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If you get a chance, one evening walk across to the other side, and sit infront of the big cathedral. The lights gently shimmer off of the water, it’s peaceful and serene – just sit. And watch.

These photos really do just speak for themselves.

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And lastly, obviously- the Gondola ride. You can try and barter with them, but the legal and safe Gondola’s won’t budge. As a young couple we just had to, and although €80 is a lot, it covered every main landmark in the city. They give you a little blanket and you cosy up tight. You hear about the water smelling but honestly we only smelt it a couple of times, and it really wasn’t that bad at all? And we saw absolutely no sewer rats! Our ‘driver’ gently crooned a sweet song as he steered us expertly around the tight corners, impressively never scraping the Gondola once. He pointed out the landmarks, including the music school where Bach, Beethoven and Mozart all studied – as a musician myself I found this fascinating. He told us a cute little story too, ‘You kiss under every bridge and you love forever and ever and ever’ – it’s probably just an old fable but it’s was beyond romantic. We got on the gondola just as the sun was setting, so by the time we got onto the main Canal, it was dark and the lights were twinkling – just spelt R O M A N C E. He rocked the boat and shouting ‘big movie kiss big movie kiss!!!’ Cute central.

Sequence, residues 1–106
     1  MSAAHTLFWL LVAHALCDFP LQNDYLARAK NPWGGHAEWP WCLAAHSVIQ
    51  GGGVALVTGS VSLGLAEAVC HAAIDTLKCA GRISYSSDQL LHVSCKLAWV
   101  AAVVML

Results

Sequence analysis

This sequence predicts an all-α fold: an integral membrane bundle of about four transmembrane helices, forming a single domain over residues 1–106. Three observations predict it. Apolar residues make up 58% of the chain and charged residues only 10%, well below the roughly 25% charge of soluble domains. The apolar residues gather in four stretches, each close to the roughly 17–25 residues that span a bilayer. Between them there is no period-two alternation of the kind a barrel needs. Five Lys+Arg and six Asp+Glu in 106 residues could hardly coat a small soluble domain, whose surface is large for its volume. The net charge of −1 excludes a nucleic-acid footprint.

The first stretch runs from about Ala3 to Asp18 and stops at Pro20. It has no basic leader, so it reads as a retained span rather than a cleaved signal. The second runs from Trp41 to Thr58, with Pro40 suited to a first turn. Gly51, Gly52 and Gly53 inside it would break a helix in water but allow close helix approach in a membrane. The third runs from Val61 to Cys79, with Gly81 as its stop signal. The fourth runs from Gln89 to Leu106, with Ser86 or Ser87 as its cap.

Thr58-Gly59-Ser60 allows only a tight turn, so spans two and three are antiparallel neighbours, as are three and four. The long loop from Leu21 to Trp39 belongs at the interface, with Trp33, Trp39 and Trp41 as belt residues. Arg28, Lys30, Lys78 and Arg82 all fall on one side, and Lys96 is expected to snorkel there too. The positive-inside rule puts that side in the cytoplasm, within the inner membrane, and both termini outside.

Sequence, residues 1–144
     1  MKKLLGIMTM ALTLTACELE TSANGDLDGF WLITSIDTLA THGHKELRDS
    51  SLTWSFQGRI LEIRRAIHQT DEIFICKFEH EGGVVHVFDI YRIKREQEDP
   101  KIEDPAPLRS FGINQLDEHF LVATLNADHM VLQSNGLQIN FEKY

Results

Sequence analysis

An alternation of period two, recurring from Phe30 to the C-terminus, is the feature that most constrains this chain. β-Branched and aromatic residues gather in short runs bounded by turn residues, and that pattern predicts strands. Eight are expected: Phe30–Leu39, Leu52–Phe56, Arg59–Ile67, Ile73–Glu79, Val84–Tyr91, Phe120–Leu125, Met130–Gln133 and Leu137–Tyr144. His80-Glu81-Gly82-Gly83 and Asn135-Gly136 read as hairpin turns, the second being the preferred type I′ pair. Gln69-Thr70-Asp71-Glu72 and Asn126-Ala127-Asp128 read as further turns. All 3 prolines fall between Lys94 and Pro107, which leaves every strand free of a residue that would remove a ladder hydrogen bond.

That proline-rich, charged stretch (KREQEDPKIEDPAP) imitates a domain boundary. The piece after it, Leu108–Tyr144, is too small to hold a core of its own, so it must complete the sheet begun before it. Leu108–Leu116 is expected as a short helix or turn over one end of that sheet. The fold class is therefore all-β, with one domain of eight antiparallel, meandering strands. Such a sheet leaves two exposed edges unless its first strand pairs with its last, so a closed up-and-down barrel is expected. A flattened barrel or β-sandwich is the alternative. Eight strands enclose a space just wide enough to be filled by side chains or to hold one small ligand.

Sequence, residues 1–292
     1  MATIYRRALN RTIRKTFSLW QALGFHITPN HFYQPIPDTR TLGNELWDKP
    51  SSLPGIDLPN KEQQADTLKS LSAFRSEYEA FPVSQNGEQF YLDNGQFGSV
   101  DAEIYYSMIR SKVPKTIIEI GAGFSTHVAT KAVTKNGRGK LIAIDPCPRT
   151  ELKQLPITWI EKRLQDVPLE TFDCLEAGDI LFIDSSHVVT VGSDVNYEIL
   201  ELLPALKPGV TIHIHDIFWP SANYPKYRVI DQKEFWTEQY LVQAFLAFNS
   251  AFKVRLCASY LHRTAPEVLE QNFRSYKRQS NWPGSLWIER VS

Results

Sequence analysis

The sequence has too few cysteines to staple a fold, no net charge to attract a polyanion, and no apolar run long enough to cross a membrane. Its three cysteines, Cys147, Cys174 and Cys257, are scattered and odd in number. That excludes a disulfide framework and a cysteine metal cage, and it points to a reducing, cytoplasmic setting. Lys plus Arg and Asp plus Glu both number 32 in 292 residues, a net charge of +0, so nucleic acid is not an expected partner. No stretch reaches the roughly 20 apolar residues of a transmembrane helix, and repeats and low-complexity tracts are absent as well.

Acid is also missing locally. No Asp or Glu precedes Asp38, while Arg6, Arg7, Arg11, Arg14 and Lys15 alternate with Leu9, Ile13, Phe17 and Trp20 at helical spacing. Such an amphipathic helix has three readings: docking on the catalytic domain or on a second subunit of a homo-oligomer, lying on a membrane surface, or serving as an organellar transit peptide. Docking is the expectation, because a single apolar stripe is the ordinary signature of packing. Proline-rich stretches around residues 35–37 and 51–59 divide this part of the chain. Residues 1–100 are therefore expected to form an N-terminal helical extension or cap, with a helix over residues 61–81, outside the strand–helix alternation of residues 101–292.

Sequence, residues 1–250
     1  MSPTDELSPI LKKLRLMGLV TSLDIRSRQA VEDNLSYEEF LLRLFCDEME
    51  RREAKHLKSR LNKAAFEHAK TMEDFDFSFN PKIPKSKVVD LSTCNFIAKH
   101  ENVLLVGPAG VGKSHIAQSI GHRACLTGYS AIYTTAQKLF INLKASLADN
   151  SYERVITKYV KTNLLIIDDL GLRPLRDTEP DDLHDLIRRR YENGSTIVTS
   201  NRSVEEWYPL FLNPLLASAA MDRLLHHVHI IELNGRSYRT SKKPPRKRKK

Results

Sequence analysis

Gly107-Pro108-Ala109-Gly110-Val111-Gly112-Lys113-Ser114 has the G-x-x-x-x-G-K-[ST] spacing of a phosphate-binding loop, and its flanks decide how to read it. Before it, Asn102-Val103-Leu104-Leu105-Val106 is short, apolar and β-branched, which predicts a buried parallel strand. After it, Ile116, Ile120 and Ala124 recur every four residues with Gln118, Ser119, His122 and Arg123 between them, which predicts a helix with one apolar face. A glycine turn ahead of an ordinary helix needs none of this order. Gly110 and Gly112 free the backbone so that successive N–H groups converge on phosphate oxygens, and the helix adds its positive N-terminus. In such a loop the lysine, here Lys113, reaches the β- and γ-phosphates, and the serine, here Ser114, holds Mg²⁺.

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In essence, if this hasn’t convinced you to go to Venice, then you’re stupid. Get out there. Listen to my advice. Stay in the same hotel. Do everything you’re supposed to do as a tourist, no matter how many negative people will tell you ‘it’s too expensive ‘ – shut up, stop whining. Go explore the world!

Any questions please comment below! Follow CourageIsNotAnOption on facebook using the links to the siiiiide. Love you guys.

Thank you for reading!

Stay Sassy,



Ps. Sorry if my romance makes you vom, I’m not normally so cringe but seriously in Venice? You don’t have a choice.

Pps. If that ridiculous amount of photos doesn’t seem like enough for you, here are a few random ones I’ll chuck in for free!